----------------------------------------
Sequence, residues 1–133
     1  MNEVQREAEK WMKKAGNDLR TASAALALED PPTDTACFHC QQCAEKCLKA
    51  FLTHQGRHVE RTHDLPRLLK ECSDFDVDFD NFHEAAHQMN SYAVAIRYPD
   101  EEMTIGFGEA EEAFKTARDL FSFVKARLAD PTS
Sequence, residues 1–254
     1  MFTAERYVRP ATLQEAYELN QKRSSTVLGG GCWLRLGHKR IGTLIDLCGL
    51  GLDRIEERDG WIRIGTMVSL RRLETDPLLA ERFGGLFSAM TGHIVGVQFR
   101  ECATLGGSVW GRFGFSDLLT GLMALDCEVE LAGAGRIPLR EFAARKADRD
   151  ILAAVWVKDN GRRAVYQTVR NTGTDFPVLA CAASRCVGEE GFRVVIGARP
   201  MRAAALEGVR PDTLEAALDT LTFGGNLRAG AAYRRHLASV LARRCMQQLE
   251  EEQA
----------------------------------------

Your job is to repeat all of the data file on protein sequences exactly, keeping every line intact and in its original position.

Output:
Sequence, residues 1–133
     1  MNEVQREAEK WMKKAGNDLR TASAALALED PPTDTACFHC QQCAEKCLKA
    51  FLTHQGRHVE RTHDLPRLLK ECSDFDVDFD NFHEAAHQMN SYAVAIRYPD
   101  EEMTIGFGEA EEAFKTARDL FSFVKARLAD PTS
Sequence, residues 1–254
     1  MFTAERYVRP ATLQEAYELN QKRSSTVLGG GCWLRLGHKR IGTLIDLCGL
    51  GLDRIEERDG WIRIGTMVSL RRLETDPLLA ERFGGLFSAM TGHIVGVQFR
   101  ECATLGGSVW GRFGFSDLLT GLMALDCEVE LAGAGRIPLR EFAARKADRD
   151  ILAAVWVKDN GRRAVYQTVR NTGTDFPVLA CAASRCVGEE GFRVVIGARP
   201  MRAAALEGVR PDTLEAALDT LTFGGNLRAG AAYRRHLASV LARRCMQQLE
   251  EEQA